Echinofossulocactus for id

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ralphrmartin
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Re: Echinofossulocactus for id

Post by ralphrmartin » Mon Apr 05, 2021 3:09 pm

Not a great match between that photo, Phil, and my plant, is it?

In particular E. crispatus seems to have flattened centrl spines (much broader than deep) which my plant doesn't.

So much for keys and descriptions.

It's probably yet another case of species being a human concept, and not everything out there fits into our neat pigeonhole system. I'll just enjoy the plant for what it is.
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Re: Echinofossulocactus for id

Post by Pattock » Mon Apr 05, 2021 5:28 pm

Keys are only there to help, you can't rely on them to provide a correct identification.
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ralphrmartin
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Re: Echinofossulocactus for id

Post by ralphrmartin » Tue Apr 06, 2021 5:08 pm

A problem with many botanical keys is a lack of understanding of dichotomy (or at least proper application of it) by the person who constructed the key, leading to keys which simply don't work.

Two classic problems are exemplified by

Spines up to 1cm }
Spines over 2cm } You are sunk if your plant's spines are anywhere between 1 and 2 cm

Short red spines }
Long black spines } You are sunk if your plant has short black spines, or long red spines

A proper dichotomy should
(a) involve only one character, not several like the second example,
(b) should always lead to one alternative or the other, whatever the facts, not leave cases leading to neither outcome like the first example.

I'm not pretending it is easy to write keys which follow these requirements, but failing to do so results in many keys simply not working when faced with an unknown specimen. Because of this, I prefer an approach which lets you put in the information you do have (e.g. a plant may not be in flower to tell the flower colour), and uses some statistical analysis to tell you what you are most likely to have. The problem with that is you need to study whole populations of plants, to know that e.g. species A has spine length 1 cm with a standard deviation of 3mm,. while species B is more variable and has a spine length of 2cm with a standard deviation of 9mm. Having done that, though, given an unknown plant with spine length 1.2cm, you can work out the probability of it belonging to each species. Add in a few more characteristics (number of spines, number of ribs, flower colour, etc, etc) and further calculations can tell what the most likely answer is, and how likely (70% chance you have this, 20% chance you have that, <5% each it is one of several other species). Of course, this needs some maths, but as "everyone" has a mobile phone these days, it would be easy enough for a program to ask the questions, collect the answers, and do the sums.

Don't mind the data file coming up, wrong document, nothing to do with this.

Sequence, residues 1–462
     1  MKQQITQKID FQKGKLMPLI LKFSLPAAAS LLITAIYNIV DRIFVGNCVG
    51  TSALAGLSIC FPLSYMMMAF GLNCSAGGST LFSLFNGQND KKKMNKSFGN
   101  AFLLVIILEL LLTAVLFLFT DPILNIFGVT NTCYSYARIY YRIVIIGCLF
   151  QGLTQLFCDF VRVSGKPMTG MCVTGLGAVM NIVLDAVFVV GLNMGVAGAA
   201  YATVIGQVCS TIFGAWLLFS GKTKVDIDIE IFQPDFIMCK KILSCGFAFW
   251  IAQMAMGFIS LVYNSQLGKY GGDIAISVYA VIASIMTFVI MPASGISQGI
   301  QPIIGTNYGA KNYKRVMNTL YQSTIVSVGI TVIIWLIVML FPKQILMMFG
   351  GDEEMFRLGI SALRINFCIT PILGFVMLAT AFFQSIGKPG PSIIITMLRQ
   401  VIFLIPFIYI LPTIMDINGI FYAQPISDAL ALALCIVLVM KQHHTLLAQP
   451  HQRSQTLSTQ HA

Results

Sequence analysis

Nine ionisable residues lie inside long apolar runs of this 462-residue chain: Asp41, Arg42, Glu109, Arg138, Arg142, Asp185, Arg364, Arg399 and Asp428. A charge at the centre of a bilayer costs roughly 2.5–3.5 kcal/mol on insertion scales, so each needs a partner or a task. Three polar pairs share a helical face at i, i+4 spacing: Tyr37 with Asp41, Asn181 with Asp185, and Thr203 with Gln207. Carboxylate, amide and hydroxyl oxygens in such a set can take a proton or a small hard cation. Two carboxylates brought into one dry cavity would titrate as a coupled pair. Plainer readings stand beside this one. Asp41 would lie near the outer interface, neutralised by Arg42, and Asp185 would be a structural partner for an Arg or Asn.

All of this assumes, of course, that everyone agrees what the species are, and someone goes and measures plenty of specimens. Unfortunately, I don't suppose those assumptions are too realistic.
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Re: Echinofossulocactus for id

Post by David Neville » Tue Apr 06, 2021 5:49 pm

Pattock wrote:
Mon Apr 05, 2021 5:28 pm
Keys are only there to help, you can't rely on them to provide a correct identification.
The late great Gordon Rowley used to say that a good, worthwhile botanical key should enable precise species identification. If it doesn't work, then it's not a proper key.

I've never heard anyone say before that keys are only here to help......
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Re: Echinofossulocactus for id

Post by edds » Tue Apr 06, 2021 7:57 pm

Completely agree with both David and Ralph.

Too many keys, especially in books intended for a hobbiest audience seem to pick 30 common species or forms and try and sort them out with as few steps as possible rather than being a technically accurate key that will sort the full range of features within a group.
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